Being the nice guy that I am, and knowing that this is Too Tall-Two Timing’s first trip with his new trailer, I decide to cruise the sites first and leave the biggest, easiest backing one for him. As I cruise the campground I find that two of the three sites already have an RV in them! The third has a reserved sign…but the name is not the right one!

A trip to the office confirms that Joe Btfsplk has somehow snuck along with me. No reservations in the name of Guitar. If Guitar cannot come up with a reservation number or proof of payment we are homeless! In Guitar’s defense this is the first time had as used Reserve America online to reserve a campsite. Those readers who camp will know how…how…how screwed up Reserve America is.

To make a long story a little shorter, we were homeless. The very helpful and sympathetic man working at the office suggested a commercial campsite a few miles away from the state park. It was now almost 3pm so there really wasn’t any choice. We had to find three campsites and fast.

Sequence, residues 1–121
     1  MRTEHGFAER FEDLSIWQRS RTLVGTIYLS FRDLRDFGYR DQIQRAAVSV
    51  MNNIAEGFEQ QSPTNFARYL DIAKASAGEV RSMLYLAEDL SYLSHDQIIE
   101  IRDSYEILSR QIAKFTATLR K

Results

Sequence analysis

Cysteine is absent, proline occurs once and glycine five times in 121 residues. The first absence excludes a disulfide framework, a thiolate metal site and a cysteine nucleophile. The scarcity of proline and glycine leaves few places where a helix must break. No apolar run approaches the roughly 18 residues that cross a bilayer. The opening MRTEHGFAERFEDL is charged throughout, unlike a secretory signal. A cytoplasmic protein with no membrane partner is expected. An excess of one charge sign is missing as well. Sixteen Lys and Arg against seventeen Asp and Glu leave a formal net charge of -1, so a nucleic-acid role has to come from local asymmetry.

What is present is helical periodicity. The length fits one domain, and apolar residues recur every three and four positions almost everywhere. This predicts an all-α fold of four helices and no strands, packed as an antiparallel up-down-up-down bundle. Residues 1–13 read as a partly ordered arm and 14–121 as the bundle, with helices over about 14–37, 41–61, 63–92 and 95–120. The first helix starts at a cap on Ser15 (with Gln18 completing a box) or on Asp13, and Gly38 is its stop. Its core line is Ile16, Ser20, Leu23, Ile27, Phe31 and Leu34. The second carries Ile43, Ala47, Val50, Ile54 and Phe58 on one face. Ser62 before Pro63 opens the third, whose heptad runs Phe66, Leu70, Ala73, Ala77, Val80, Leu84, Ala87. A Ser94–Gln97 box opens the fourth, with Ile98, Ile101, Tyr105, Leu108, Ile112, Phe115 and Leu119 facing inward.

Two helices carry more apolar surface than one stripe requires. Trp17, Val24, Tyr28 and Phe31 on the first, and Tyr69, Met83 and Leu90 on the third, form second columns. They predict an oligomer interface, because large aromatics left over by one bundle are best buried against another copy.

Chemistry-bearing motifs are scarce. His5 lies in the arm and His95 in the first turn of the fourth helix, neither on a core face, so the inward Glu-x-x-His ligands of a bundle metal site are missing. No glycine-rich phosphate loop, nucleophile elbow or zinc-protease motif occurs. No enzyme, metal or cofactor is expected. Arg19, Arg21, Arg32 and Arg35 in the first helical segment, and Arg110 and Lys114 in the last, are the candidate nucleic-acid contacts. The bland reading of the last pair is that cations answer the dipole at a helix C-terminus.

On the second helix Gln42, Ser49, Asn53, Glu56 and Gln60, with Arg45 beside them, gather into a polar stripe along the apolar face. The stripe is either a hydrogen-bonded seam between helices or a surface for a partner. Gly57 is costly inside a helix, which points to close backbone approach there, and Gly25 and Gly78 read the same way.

I drove to the campsite and it sure didn’t hold a candle to the state park campsite but I got 3 sites and unhooked Bivouac. Cell phone reception was really bad but I managed to get thru to Guitar to let him know what the plans were. He advised that they were on the way…..kind of. Seems there is some type of snag and as of 5 pm they hadn’t left yet.

Stay tuned for more.

Thanks for visiting.

Monday, September 24, 2007

But(t) Really Now!

Here's a novel spin on the old "Slip & Fall" scam that falls into the "Stupid is as stupid does" category. This might even qualify for the Darwin Awards!

BOULDER - A man who is suing Home Depot after he became stuck to a store toilet in 2003 has been hospitalized.

In 2003, 59-year-old Bob Dougherty found himself in a sticky situation after becoming stuck to a toilet seat in a Louisville store. Dougherty claims someone smeared glue on the seat.

When the story surfaced in 2005 Dougherty also said he felt a "tremendous panic" when he realized he was stuck. The lawsuit claims it took 15 minutes for store officials to call for an ambulance and that paramedics had to unbolt the toilet seat and wheel out a "frightened and humiliated" Dougherty who soon passed out.